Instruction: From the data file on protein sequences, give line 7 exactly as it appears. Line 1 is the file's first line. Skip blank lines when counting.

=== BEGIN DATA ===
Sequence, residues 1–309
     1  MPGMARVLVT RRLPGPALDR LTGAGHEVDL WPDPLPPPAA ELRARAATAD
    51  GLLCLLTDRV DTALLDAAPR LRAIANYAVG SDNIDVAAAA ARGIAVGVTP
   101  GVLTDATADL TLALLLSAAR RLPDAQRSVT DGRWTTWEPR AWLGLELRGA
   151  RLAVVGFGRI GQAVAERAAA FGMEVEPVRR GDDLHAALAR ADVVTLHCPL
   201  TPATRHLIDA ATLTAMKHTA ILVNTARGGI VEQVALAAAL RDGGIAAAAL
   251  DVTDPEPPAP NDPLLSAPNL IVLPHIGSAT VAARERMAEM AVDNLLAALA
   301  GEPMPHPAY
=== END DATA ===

   251  DVTDPEPPAP NDPLLSAPNL IVLPHIGSAT VAARERMAEM AVDNLLAALA